Durable goods or durables are those that last a long time; they do not wear out quickly. Computers, for example, usually last several years. Durables contrast with non-durables or non-durable goods. Light bulbs, paper products, and food products are non-durables.
BusinessDictionary.com has the following definition of the term:
“Relatively light electronic consumer durables such as TVs, radios, digital media players, and computers, as distinct from heavy consumer durables such as air conditioners, refrigerators, stoves, which are called white goods.”
Light consumer electronic durables used to be packed in wooden and bakelite cases (brown in color). Hence the term ‘Brown Goods.’
Brown goods vs. white goods
White goods are large household appliances such as freezers, refrigerators, washing machines, stoves (UK: cookers), and dishwashers. Tumble driers are also white goods. We find most of them in the kitchen. Many years ago, these products were available nearly exclusively in white; hence, the term.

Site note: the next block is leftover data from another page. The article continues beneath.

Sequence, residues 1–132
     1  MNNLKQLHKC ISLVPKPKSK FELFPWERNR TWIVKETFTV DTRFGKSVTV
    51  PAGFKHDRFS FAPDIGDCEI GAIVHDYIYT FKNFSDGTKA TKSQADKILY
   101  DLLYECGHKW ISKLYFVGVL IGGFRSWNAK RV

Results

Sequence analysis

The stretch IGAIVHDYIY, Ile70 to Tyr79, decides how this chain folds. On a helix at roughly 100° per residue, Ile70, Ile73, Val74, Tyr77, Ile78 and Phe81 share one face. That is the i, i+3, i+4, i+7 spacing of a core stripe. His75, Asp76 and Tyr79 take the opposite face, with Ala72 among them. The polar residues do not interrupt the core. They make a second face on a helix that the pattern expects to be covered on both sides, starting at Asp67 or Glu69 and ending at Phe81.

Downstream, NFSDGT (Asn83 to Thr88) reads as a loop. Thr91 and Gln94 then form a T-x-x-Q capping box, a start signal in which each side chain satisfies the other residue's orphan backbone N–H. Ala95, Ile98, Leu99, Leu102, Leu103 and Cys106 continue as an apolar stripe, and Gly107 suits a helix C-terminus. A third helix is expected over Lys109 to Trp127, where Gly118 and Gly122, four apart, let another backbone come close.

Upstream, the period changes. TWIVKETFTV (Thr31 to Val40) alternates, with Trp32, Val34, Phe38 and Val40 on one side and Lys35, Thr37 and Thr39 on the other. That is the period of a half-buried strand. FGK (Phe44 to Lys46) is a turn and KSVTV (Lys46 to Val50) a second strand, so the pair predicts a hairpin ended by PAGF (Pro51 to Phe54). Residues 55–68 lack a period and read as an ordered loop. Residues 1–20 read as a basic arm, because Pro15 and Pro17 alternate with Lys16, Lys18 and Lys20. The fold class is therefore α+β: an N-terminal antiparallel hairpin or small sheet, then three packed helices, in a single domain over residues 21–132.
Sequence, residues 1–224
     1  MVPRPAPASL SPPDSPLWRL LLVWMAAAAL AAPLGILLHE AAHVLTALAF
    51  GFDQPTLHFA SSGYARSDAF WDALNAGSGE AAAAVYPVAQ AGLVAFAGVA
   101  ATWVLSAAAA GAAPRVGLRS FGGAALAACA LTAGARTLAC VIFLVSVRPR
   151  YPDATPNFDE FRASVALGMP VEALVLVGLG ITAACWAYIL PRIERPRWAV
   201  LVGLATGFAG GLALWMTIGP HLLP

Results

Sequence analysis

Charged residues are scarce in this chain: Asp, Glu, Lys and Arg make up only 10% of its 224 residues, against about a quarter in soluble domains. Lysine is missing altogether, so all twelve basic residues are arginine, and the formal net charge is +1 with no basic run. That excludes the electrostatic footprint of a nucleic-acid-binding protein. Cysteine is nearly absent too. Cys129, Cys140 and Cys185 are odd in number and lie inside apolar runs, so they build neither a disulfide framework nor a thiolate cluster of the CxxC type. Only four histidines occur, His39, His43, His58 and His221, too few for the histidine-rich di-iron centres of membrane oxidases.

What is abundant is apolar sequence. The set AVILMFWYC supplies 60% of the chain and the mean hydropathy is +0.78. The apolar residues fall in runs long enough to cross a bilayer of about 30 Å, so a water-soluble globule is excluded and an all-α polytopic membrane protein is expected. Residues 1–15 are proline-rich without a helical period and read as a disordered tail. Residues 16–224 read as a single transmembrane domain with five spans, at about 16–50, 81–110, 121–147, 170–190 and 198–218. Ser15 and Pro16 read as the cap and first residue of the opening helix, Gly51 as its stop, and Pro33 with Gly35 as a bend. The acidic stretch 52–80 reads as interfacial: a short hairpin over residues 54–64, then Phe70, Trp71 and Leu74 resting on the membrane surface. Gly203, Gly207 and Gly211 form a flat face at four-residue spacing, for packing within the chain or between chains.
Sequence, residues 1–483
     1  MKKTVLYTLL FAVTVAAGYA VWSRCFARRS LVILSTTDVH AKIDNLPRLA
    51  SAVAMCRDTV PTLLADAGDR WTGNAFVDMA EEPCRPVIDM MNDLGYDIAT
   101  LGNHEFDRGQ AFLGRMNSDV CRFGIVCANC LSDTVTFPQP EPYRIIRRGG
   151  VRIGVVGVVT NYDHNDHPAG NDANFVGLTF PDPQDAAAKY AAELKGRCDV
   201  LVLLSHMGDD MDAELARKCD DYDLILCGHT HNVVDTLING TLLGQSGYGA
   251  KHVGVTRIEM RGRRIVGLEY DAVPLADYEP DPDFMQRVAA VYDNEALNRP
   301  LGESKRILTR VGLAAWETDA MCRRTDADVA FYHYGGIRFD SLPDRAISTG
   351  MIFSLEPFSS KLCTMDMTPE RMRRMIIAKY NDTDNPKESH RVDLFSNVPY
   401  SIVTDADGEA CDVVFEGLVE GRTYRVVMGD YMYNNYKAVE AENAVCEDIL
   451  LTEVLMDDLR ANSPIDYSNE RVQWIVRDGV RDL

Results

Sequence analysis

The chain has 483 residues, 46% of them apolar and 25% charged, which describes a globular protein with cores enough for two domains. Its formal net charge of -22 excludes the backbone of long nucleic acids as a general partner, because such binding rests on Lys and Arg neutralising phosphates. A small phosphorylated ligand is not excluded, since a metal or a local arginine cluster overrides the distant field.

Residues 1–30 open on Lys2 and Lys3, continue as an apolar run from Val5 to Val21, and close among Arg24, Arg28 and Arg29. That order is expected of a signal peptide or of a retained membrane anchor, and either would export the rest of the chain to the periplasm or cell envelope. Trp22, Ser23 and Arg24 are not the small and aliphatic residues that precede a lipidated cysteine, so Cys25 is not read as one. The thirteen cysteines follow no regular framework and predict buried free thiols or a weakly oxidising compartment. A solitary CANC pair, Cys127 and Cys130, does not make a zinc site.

Unlike brown goods, white goods are large and not portable, i.e., you cannot carry them. We can carry most brown goods, apart from some TVs and sound systems.
Both brown and white goods use electricity. They also make our lives easier, more comfortable, and help us do things more efficiently.
The Internet of Things
Both white and brown goods are gradually becoming more inter-networked. Networked goods gather and exchange data through the Internet.
When, for example, a brown good is part of the Internet of Things, i.e., when it has Internet connection, we refer to it as a ‘Smart’ device.
Smart TVs, for example, are televisions with an Internet connection. You can watch YouTube videos and Netflix or Amazon Prime movies and series on a smart TV. A smart fridge also has an online connection.